It was estimated they were

using 70 guns.

108 Guns. The "Bleucher" had two 5.9" guns dismounted by our fire.





"Bleucher" 10 killed 19 Wounded. Reported at Leith. "Seydlitz" "Van Der Tan" 80 killed 200 wounded. (By report copiesfrom Dutch and German press). Hough Battery 2 6/1 B. L. Mk. VII Guns. Lighthouse Battery 1 6/1 B. L. Mk. VII Gun. Casualties of the Durham R. G. A.-2 men killed. We fired 123 Rounds At "Van Der Tan'" 70 rounds. At "Seydlitz" 20 rounds. At "Bleucher" 33 rounds. 123 rounds Frequent stoppages due to smoke of enemy shells bursting in front ofbatteries, on the rocks. Manning details of the Durham R. G. A. at Hartlepool were:11 Officers 155 Other Ranks III. SKIPPER HORSLEY'S STATEMENT

I, John Horsley, of 21 Bedford Street, Hartlepool, state that, on Wednesday morning the 16th December, 1914, I proceeded to sea in the motor fishing boat "Childrens Friend" at about twenty minutes to eight. When we got outside we saw three warships flying the Union Jack and English White Ensign. Just before that I saw the centre ship exchange signals with the Lighthouse. They then hauled down the Union Jack and White Ensign and ran up the German Flag. That was just before they opened fire on our destroyers about two or three milesE. N. E. of the German Warships. There were four of our boats together, I turned about to come intoHartlepool but the other three boats ran ashore on the sands north of Hartlepool. Shortly after, the leading ship fired on the batteries. Before they began firing at all, the centre ship showed a red light at the mast head which was answered by the other two with red lights. They firedon the batteries and the first shot from the Lighthouse battery fell short, the second shot would have hit him but was a little to the north. The next smashed on board and appeared to do damage. I saw the shots from the battery hit the ships and as far as I could see very few of the battery shots missed. I saw some of the shots bounce off the ships sides and go into the air. At this time we were only half a mile from them. The crew had gone below and I called them out to see the way our guns were hitting the ships every time. When we were rounding the breakwater we saw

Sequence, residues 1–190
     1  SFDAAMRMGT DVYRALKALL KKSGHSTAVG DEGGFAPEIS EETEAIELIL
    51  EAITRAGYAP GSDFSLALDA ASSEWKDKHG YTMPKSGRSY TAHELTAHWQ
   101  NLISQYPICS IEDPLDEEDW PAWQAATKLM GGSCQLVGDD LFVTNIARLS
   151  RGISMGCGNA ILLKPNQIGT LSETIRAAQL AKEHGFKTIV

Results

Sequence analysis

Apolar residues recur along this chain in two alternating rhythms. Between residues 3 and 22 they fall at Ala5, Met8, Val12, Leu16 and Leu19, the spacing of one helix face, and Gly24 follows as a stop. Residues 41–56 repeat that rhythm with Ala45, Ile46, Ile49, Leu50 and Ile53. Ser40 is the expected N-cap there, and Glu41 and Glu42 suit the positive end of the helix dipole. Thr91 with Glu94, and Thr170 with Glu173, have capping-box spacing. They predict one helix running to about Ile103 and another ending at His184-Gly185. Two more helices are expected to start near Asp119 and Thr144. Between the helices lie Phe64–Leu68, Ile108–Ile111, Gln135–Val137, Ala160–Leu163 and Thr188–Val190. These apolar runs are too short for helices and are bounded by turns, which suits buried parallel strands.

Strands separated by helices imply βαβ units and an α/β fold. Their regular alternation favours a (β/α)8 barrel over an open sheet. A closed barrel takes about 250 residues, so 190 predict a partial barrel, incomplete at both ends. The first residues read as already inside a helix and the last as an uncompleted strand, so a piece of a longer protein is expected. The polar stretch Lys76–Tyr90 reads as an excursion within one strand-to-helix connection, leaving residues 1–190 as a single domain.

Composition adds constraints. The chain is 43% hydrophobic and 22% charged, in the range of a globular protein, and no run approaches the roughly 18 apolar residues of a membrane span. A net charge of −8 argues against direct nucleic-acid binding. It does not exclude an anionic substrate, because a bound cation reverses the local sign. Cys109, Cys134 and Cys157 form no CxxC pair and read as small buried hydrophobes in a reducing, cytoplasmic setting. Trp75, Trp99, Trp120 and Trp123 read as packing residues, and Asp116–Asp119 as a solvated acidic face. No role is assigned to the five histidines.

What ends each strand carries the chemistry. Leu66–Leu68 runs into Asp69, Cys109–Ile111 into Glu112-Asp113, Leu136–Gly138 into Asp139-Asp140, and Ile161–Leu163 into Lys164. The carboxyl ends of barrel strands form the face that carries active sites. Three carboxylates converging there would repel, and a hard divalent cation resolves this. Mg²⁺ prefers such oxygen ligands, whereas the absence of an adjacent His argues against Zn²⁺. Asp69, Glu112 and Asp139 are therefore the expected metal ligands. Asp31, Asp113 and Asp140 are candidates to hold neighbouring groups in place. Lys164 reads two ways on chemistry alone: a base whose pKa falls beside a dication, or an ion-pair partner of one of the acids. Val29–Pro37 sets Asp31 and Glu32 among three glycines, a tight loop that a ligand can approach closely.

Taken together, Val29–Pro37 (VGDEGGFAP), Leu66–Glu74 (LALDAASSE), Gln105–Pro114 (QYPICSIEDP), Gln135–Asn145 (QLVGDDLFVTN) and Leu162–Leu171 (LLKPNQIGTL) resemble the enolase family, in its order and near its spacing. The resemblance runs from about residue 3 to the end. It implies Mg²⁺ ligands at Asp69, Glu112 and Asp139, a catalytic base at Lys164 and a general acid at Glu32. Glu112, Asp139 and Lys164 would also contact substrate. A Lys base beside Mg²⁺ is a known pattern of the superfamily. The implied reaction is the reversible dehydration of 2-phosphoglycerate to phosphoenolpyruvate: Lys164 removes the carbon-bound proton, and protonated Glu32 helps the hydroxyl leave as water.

the "Patrol" get hit. The submarine was alongside of her, a little to the north side. We ran inside the breakwater for three or four minutes. The shells commenced to fall about which appeared to come over the battery. When we got as far as the Harbour opening, about three minutes before the firing ceased we saw the "Forward" being towed out and cleared into West Hartlepool to get out of her road. (Signed) John Horsley. Hartlepool. IV. NOTES Since the narrative was written, I have read Mr. Filsen Young's Book, in which he states that the "Molke, Seydiitz and Bleucher" were at Hartlepool, and the "Derffiinger and Van Der Tan" at Whitby and Scarbro, this I learn he copied from Admiral Schiers' Book. The evidence, in my opinion, is conclusivethat the "Van Der Tan" was one of the German ships at Hartlepool, "Janes' Fighting Ships" gives the "Van Der Tan" 11.2" guns as 45 calibre in length and the shell 85 lighter than the 11" shells of the other Germans ships which have 11" guns of the 50 calibre in length. Amongst the 11" "Duds" we found a difference in weight of 11" shells and a difference in size and number of impressions of.the groves on the copper driving bands, this proves that the "Van Der Tan" was at Hartlepool. This is important as the Germans evidently do not wish to admit that we damaged their ships. The "Bleucher" 8.2" shell were filled with black powder and all burst. The fire of our guns was frequently interrupted by smoke from bursting shell. The telephones fixed on poles were put out of action by the first 11.2" shell from the "Van Der Tan" which struck the right hand front corner of the battery, four 11" shells burst within 50 yards of the F. C. Post. The guns were manned by the Durham R. G. A. (T. A.), about half a dozen District Gunners were in the magazine, the Fire Discipline was perfect, but, as F. C. I had little to do but observe results, the communications being interrupted, the action was practically fought by the B. Co's under standing orders which I had compiled to meet all possible form of attack, our daily routine being Individual Gun Drill in the morning and Fire Discipline in the afternoons, with fortnightly gun practice. The ranges were practically "Point Blank." We got range usually by the first shot, then raised the Point of Impact, got on to their Upper Works and kept there, we had few misses, when the two 6" Mk. VII, Guns of Hough Battery "Changed Targets" from "Seydlitz to Bleucher," the B. C. went to Auto sights and A. P. Shell, after 19 rounds he changed to H. E. Shell (Case II.) and raised P. of I. and continued Of! her Upper Works. Then the "Bleucher" steamed rapidly away. With exception of the 19 rounds A. P. the action was fought by Case II. The D. R. F. were practically out of action, the repeated concussion